None of these details were exactly hidden under a rock. But her critics ignored them. In syndicated columns by Daniel Pipes, in articles and editorials in The New York Post and The New York Sun, on such Web sites as PipeLineNews and Militant Islam Monitor, both concerned with radical Islam, the Gibran school was repeatedly characterized as a “madrassa,” an Arabic term plainly meant to evoke images of indoctrination into terrorism and holy war.
Bella Rabinowitz, writing on March 9 in PipeLineNews, called Gibran “an Islamist public school whose curriculum shares the same ideology as the Sept. 11 terrorists.” Alicia Colon wrote in The Sun on May 1, “How delighted Osama bin Laden and Al Qaeda must have been to hear the news” that New York “is bowing down in homage to accommodate and perhaps groom future radicals.”
Just as the school was caricatured, so was Ms. Almontaser. Although she has used the first name Debbie since childhood, her critics relentlessly identified her by her legal name Dhabah, the better to render her alien. Some articles would add the phrase “a k a Debbie,” treating her chosen name as a sort of criminal alias.
What all the attacks lacked was a single solid example of Ms. Almontaser having espoused Islamic extremism, much less jihad, during her 15 years as an educator. They have described her as a “9/11 denier” on the basis of one statement that “I don’t recognize the people who committed the attacks as either Arabs or Muslims.”
Yet, as Larry Cohler-Esses noted in an incisive article in New York Jewish Week, these foes conveniently overlooked what Ms. Almontaser went on to say in the same interview: “Those people who did it have stolen my identity as an Arab and stolen my religion.”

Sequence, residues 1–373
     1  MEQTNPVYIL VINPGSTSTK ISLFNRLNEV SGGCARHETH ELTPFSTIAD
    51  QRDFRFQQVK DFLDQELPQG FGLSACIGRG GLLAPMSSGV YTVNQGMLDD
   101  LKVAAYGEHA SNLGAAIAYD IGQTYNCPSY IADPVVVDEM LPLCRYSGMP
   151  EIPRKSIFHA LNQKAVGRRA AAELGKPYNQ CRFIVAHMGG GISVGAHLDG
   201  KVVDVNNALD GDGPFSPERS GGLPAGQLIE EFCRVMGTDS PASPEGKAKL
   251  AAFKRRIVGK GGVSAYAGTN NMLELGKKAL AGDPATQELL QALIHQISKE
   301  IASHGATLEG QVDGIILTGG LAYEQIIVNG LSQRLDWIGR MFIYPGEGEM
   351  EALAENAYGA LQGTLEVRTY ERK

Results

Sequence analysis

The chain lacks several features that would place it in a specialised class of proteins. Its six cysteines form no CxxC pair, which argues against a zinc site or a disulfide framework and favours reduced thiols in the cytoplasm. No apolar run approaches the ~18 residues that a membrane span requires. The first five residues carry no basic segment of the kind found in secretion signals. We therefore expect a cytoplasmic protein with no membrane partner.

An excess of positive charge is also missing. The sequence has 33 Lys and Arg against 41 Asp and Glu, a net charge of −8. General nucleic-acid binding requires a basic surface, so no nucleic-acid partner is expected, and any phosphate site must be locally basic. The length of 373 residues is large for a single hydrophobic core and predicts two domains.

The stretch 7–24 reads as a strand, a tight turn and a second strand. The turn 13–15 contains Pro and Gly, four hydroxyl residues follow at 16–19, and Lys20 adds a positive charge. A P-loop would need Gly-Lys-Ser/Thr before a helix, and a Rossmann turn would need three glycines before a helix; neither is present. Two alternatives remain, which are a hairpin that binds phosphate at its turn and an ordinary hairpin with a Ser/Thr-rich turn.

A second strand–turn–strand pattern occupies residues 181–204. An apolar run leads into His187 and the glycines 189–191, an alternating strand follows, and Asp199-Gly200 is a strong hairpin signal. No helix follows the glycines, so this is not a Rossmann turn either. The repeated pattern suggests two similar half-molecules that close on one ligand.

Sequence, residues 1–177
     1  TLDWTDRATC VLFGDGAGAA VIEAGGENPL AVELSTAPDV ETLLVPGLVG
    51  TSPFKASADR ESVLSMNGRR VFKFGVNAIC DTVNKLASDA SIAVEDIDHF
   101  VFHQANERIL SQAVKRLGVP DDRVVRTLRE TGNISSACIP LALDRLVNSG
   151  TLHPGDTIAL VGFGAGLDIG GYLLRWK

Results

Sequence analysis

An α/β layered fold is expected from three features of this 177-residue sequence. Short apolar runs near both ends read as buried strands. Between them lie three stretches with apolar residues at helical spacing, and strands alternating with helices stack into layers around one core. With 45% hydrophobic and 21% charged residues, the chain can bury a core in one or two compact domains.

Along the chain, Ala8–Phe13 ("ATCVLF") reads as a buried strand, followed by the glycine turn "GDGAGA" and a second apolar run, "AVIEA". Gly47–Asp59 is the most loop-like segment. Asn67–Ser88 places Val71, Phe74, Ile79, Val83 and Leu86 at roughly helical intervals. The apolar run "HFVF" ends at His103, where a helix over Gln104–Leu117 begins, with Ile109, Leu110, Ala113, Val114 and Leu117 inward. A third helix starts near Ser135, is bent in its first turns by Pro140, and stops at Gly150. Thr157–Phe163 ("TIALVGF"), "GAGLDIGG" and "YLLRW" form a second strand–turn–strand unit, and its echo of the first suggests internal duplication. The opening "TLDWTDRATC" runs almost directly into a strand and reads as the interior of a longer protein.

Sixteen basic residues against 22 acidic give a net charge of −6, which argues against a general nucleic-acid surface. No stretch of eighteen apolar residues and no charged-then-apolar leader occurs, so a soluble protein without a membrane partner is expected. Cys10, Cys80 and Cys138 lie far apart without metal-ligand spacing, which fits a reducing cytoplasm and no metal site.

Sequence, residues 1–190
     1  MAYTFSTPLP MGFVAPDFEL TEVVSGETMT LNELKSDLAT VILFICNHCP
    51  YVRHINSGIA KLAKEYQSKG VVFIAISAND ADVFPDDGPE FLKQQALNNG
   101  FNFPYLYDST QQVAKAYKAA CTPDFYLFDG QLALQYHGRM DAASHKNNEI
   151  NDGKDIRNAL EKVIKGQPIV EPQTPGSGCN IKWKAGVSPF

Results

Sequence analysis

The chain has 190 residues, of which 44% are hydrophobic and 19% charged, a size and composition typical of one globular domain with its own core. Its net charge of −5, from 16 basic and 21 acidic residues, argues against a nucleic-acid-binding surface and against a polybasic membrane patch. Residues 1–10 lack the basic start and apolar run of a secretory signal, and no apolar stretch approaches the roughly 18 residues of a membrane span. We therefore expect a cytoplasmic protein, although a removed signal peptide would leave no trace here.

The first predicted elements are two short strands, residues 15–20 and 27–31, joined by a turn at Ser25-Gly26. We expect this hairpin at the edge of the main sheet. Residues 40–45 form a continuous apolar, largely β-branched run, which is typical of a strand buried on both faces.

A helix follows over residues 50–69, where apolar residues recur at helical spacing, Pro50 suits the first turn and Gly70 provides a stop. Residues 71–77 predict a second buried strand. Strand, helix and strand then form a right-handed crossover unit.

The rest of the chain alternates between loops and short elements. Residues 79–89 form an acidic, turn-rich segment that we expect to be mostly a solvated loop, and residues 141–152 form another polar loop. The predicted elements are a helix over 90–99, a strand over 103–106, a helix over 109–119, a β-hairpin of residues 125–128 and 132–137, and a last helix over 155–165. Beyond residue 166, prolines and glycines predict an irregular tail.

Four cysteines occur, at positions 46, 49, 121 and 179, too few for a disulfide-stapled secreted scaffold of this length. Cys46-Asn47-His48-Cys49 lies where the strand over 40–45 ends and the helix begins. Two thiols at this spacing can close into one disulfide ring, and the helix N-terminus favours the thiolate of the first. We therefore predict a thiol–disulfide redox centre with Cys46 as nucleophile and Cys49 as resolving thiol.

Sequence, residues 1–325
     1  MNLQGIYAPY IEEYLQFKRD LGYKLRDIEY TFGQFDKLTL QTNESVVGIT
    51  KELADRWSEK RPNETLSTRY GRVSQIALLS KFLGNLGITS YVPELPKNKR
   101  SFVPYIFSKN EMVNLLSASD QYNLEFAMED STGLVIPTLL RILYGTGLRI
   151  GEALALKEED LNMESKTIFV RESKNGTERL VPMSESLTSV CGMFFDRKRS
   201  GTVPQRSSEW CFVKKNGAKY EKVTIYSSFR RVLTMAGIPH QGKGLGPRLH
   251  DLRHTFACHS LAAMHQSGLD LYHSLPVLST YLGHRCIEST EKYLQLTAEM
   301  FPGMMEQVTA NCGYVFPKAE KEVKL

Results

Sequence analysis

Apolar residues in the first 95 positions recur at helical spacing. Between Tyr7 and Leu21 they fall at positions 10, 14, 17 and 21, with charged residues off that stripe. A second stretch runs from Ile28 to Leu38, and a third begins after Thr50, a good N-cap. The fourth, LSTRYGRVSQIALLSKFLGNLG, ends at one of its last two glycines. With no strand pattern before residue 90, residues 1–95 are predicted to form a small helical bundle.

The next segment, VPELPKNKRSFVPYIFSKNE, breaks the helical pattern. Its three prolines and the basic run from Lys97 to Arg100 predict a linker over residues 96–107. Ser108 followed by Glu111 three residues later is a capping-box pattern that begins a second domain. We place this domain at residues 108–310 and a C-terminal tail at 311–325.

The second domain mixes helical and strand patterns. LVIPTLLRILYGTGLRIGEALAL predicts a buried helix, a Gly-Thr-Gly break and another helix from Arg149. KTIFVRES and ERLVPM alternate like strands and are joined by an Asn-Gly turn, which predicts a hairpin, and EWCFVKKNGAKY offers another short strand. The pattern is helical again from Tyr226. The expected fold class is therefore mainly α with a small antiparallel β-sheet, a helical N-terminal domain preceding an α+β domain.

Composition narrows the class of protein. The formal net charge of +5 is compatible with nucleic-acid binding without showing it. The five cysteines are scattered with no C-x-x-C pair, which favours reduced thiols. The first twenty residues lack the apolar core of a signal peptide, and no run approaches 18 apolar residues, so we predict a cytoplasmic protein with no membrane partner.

What Ms. Almontaser has done — as a private citizen, not in her classroom — is assail the Bush administration for its domestic surveillance and for its Middle East policies. She has said that desperation and oppression contribute to terrorism. You can disagree with her positions and still not believe they should be the basis for destroying her career.
“There’s zero correspondence between the caricature and the actual person,” said Rabbi Andy Bachman of Beth Elohim, a Reform Jewish congregation in Park Slope, who was on the Gibran school’s advisory board. “The words that were used to describe her, the fears that were evoked, are absolutely unrelated to her and her life’s work. Not in any way, shape or form.”
Another rabbi who has worked with Ms. Almontaser on interfaith efforts, Michael Feinberg of the Greater New York Labor-Religion Coalition, said: “It’s all about insinuation and innuendo and this formula of Arab equals Muslim equals terrorist. The viciousness and the vileness of this case surpass anything I’ve seen before.”
That vileness also did no favors to the responsible critics of the Gibran school, whether they were parents worried about school overcrowding or scholars like Diane Ravitch and Richard Kahlenberg, who believe that public schools should reinforce a common American culture rather than promote ethnic identity. Their worthy voices got lost in all the bile.
For now at least, Ms. Almontaser remains employed by the Department of Education. What she requires, though, is something harder to obtain than another job. As another victim of a different smear campaign put it once: “Which office do I go to to get my reputation back?”
Samuel G. Freedman is a professor of journalism at Columbia University. His e-mail is firstname.lastname@example.org.